Economic instability means five Cs you need to deal with, says expert

The scary season for economic markets is typically September and October, but you don’t have to be spooked if you understand what’s happening.

Dewey Steffens with Great Lakes wealth says there are five Cs to contend with.

The first, Congress has roughly a week to take care of the debt ceiling to ensure the country doesn’t run out of cash.

"Congress needs to get together and take care of the situation before October 18, so we’ll see what happens there," Steffens said. "There’s also the Federal Reserve, they are going to be meeting soon and talking about interest rates. Are they going to raise rates for 2022, as well as stop $120 billion per month of bond re-purchase that they’re currently making."

Those interest rates are still historically low, so take advantage of that.
Another thing affecting the temperature of the nation’s economy is COVID-19. So far, 18 months in, there have been mixed signals with the pandemic.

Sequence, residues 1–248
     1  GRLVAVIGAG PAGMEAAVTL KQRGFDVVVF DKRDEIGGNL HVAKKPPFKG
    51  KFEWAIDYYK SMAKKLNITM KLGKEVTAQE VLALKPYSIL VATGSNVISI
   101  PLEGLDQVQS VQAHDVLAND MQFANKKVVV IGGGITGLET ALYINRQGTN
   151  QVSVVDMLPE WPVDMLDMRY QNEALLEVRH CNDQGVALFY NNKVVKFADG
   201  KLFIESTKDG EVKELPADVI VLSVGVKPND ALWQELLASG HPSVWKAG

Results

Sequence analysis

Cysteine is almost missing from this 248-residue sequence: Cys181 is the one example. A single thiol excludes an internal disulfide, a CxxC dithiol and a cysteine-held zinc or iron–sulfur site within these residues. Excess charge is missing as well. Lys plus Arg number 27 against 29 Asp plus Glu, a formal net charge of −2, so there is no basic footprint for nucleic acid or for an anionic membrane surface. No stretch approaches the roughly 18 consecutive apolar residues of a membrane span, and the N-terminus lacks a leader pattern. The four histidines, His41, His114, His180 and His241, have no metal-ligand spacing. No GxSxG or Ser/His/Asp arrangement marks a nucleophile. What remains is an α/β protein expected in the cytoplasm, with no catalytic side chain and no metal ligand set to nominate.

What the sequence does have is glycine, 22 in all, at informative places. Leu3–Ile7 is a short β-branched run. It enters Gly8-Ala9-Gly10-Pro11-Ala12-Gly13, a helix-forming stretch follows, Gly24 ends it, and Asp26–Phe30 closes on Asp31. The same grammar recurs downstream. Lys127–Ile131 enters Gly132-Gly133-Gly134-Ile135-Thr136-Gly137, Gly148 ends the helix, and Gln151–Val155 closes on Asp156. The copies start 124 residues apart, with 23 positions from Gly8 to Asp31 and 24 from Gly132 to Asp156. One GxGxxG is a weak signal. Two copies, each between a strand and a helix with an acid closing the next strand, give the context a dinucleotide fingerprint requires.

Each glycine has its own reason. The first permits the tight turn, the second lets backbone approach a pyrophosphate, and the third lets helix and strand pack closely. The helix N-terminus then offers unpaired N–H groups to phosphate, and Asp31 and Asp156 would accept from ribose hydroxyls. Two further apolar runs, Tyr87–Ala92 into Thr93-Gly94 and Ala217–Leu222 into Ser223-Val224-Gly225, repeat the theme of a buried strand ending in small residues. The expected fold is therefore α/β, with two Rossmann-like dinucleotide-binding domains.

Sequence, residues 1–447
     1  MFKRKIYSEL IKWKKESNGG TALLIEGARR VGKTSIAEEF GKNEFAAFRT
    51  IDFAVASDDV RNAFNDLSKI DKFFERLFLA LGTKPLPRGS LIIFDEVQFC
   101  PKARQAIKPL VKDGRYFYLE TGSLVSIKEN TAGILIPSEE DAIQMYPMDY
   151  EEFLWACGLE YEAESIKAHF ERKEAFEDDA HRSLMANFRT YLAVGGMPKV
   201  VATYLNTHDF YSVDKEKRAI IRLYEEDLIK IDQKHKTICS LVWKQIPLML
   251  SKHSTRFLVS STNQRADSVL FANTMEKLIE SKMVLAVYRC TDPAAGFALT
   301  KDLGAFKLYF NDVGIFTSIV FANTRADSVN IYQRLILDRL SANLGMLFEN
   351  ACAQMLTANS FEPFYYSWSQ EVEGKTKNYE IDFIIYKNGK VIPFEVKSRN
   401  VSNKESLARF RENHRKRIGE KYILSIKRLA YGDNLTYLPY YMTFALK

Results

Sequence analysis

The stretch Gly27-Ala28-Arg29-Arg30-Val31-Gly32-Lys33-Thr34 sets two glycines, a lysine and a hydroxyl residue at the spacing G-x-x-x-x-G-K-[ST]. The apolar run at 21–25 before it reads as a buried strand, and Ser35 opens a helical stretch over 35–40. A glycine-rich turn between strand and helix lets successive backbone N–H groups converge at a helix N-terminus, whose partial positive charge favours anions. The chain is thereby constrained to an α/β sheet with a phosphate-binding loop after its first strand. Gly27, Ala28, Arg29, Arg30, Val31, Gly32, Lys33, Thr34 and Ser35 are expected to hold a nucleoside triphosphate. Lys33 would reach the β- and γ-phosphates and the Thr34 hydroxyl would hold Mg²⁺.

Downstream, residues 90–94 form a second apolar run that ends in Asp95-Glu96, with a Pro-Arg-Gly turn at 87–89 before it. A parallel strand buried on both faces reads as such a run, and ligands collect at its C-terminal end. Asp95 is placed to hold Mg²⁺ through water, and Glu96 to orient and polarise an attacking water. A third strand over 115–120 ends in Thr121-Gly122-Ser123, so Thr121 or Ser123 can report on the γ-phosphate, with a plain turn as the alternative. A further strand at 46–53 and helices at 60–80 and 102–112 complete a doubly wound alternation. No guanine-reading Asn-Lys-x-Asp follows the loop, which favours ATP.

"Last month, cases spiked, now this month, cases have seemed to crater, so we just don’t know what the future holds with Covid and how it’s going to impact the economy for the fall of 2021 and into 2022," Steffens said.

Then there’s cryptocurrency. It’s an investment, not a true currency yet.  It’s not just a phase and it’s not going anywhere anytime soon.

"The main player there is bitcoin, bitcoin is about to turn back to $60,000 a coin after going from $65,000 down to $30,000, back up to almost $60,000 per coin," he said.

The last one is China.  There are Mandates on corporations there, and there is a major real estate company in China, Evergrande,  that is on the verge of bankruptcy. All of which is impacting the global economy and sending ripple effects to the U.S.